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1957 BMW Isetta 300

  • USA
  • 2014-01-16
About the object
13 bhp, 297 cc L-head single-cylinder engine, four-speed manual transmission, coil-spring independent front suspension, trailing-arm leaf-spring rear suspension, and four-wheel hydraulic drum brakes. Wheelbase: 59.1 in.

The world’s most popular microcar
One of the finest examples to be found
Fewer than 200 miles since restoration

Renzo Rivolta sold his Isetta microcar, plans, tools, and equity to Bayerische Motoren Werke, of Munich, in 1954. BMW, which was founded on aero engines and had matured with motorcycles and the production of some fine sports cars before World War II, was in a precarious condition after the war. The factory was in ruins and cash was short. A range of large, bulbous cars, disparagingly called “Baroque Angels,” failed to ignite the interest of the public. Management decided to take a gamble on something completely different: the Isetta.

BMW redesigned the drivetrain to use their 247-cubic centimeter, four-cycle motorcycle engine. The gearbox output was coupled to a shaft through a rubber universal joint, which led, through another rubber joint, to the chain case. Inside were double drive chains that ran in oil to the solid rear axle. This arrangement made the whole power unit much quieter and reduced vibration. In fact, so much of the car was re-engineered that no earlier Iso parts were used, nor will they fit.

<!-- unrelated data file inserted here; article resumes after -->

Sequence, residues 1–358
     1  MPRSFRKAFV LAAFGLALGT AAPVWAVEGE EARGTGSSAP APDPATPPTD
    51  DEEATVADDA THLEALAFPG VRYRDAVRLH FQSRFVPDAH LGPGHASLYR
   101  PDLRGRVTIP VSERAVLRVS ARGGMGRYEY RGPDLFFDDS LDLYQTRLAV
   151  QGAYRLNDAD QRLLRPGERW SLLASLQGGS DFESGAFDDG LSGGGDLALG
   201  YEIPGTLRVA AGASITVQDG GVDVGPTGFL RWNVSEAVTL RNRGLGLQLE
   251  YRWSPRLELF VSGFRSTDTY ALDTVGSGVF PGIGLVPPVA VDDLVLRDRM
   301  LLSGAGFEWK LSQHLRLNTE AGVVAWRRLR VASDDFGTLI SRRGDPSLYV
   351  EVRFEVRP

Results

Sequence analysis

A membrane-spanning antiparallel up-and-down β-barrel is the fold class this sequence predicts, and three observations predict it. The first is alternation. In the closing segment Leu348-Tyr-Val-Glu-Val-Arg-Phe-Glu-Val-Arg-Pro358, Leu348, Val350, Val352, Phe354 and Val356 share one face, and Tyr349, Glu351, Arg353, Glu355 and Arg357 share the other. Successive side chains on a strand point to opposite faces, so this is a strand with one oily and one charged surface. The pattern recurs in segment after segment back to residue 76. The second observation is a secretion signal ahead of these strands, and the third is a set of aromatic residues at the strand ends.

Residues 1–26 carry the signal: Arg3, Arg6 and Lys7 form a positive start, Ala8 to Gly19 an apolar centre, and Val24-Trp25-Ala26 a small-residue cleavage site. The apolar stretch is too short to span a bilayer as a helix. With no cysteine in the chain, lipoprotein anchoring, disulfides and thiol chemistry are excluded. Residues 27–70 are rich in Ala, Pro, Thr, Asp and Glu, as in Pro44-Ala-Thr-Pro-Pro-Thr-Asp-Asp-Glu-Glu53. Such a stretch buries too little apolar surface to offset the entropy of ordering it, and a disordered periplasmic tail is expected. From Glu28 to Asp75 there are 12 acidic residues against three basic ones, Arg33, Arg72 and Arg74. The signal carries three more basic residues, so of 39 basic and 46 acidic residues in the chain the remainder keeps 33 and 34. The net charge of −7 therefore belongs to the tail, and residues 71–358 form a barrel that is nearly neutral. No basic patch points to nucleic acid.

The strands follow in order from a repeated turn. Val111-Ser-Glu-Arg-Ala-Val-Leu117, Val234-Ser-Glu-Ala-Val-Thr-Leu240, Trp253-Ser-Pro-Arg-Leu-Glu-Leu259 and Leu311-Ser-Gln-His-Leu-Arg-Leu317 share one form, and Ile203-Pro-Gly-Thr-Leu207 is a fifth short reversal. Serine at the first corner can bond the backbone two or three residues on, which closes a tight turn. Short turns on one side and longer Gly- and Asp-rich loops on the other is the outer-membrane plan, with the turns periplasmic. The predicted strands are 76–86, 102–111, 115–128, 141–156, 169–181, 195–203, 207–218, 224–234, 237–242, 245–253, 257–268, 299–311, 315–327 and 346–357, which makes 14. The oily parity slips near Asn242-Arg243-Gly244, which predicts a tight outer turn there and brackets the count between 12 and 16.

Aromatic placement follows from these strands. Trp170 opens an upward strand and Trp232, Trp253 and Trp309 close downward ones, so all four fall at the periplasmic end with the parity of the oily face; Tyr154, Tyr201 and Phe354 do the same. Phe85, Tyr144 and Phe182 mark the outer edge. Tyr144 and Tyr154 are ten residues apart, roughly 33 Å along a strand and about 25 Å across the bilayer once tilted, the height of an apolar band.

The front suspension was also reconfigured to a swing-arm arrangement. Changes to the body included raising the headlights above the fenders so that they attached directly to the body. In 1956, the engine displacement was increased to 297 cubic centimeters and the compression was raised to achieve 13 horsepower. Although top speed did not increase from 85 km/h (53 mph), there was a marked increase in torque, which was welcome going uphill. That October, the side windows changed from the fixed “bubble” type to sliding panes. More than 161,000 Isettas were built through to 1962.

The Isetta furnished BMW with a readily saleable economical car that was particularly popular in 1956 and 1957, when the Suez Crisis interrupted oil supplies to Europe. Over the eight years that it remained in production, more than 160,000 were built, not counting Isetta production that continued in France, Belgium, Spain, and Brazil. It can be argued that the Isetta was a vital ingredient in BMW’s post-war recovery, as it enabled the embattled firm to weather the dearth of popular, conventional passenger cars.

This car is one of the finest Isettas in the world today, and it has been driven less than 200 miles since a total mechanical and body restoration. It has been painted in correct Coral Red and Sand Dune Beige and has the desirable “tropical door” with fresh-air vents and sliding side windows, providing flow-through ventilation for warm weather driving. The detailing of this microcar is of the finest order, with nary a blemish to be found. The Isetta 300 is the most popular of the “bubble cars,” and it is beloved the world over.

Chassis no. 503831

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* Note that the price doesn’t correlate with today’s value, but only relates to the actual end price at the time of the purchase.